First of all, while the elections on 27 September 2009 showed the growing strength of the socialist party, their voters are mostly either unemployed or blue-collar workers. With unemployment reduced and economic development favoring the service sector over manufacturing, these groups are shrinking in importance. Secondly, the socialist party’s largest group of supporters is aged between 45 and 59, i.e. those who have suffered from reunification and the difficult transition to a competitive market economy. Over time, these voters will have to be replaced by younger ones. Thirdly, there is a remarkable trend indicating that young voters in the Eastern parts of Germany are showing a strong desire for freedom, even more so than the Western youth. Surveys are pointing to a generational gap between the younger generation’s desire for freedom and the discomfort of older Eastern Germans with their individual liberties.

The conflict of the East German youth with a frustrated parent generation has been picked up by the German art scene. The bestselling novel “Zonenkinder” is the autobiography of a young girl who grew up in a free society, yet has to deal with parents who cannot adapt to the new way of life. The famous German movie “Good Bye, Lenin” tells the hilarious story of a young man who recreates images of the surviving socialist system in order to please and relax his sick mother.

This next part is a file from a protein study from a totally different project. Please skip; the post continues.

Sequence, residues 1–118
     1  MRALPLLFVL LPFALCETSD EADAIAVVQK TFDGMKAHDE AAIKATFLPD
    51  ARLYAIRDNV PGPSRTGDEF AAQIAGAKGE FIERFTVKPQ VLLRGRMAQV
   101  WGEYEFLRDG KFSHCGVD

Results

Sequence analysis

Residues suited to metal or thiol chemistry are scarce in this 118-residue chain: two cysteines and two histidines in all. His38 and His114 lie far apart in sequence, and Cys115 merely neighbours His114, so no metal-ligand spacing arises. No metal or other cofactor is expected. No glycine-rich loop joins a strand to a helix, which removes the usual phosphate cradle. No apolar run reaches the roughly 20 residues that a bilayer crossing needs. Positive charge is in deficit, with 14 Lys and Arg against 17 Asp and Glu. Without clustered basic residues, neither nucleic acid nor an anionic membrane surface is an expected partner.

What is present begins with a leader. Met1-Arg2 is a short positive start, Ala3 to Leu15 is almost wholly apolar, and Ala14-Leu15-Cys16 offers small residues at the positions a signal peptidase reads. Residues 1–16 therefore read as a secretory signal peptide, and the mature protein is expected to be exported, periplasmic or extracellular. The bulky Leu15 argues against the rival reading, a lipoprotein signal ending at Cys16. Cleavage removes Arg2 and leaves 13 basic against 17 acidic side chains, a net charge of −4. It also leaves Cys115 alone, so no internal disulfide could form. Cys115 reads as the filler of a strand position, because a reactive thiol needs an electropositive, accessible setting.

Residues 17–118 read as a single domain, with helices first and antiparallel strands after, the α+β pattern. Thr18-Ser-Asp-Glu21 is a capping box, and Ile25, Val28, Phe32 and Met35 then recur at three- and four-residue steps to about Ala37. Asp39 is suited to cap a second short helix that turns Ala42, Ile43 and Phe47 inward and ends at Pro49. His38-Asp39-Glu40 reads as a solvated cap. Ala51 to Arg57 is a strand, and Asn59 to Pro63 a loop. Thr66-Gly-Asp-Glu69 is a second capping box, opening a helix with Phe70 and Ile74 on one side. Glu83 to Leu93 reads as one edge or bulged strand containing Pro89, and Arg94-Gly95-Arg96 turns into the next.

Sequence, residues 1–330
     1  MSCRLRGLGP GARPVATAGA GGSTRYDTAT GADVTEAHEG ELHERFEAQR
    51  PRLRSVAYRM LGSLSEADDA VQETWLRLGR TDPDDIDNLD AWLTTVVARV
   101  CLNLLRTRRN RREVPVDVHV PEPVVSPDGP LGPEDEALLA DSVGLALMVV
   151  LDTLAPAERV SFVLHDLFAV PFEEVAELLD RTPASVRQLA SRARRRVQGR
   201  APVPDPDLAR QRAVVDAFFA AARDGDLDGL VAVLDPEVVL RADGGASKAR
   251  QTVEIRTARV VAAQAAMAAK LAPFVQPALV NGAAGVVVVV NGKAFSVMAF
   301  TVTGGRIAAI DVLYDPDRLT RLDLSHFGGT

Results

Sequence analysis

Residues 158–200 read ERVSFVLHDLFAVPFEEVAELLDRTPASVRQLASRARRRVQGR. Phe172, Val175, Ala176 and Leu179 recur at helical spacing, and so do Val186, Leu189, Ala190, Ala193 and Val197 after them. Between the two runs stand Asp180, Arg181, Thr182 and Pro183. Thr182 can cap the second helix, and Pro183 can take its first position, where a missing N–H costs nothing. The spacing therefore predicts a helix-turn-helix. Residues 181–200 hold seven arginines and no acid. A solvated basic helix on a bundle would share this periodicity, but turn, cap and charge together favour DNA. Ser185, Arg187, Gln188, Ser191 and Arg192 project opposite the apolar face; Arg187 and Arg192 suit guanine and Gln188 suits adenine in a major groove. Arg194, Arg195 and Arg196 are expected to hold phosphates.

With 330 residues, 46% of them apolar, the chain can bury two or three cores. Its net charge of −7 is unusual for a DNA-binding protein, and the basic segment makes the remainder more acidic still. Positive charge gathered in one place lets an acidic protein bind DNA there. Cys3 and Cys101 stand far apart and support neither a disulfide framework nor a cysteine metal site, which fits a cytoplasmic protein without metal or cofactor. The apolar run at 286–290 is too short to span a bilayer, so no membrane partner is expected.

In 2009, the liberal Free Democratic Party and the conservative Christian Democratic Union achieved the biggest increase of votes in Eastern Germany compared to all other parties. The Christian Democrats have now reached equal strength in all states regardless whether they are in the East or the West. The liberal FDP surpassed all other parties in its increase of young voters aged between 18 and 34. The youths that had grown up in a free and democratic society are now willing to defend their liberty with their votes. It was always assumed that it would take at least a generation to unify both parts of Germany. Now, a generation later, we see significant progress but also realize it will indeed take more time to accomplish true reunification.

This article was published in the Friedrich Naumann Foundation for Liberty on Sunday, November 8, 2009. Please read the original article here.
Author : Rainer Heufers is the resident representative of the Friedrich Naumann Foundation for Liberty, in Indonesia.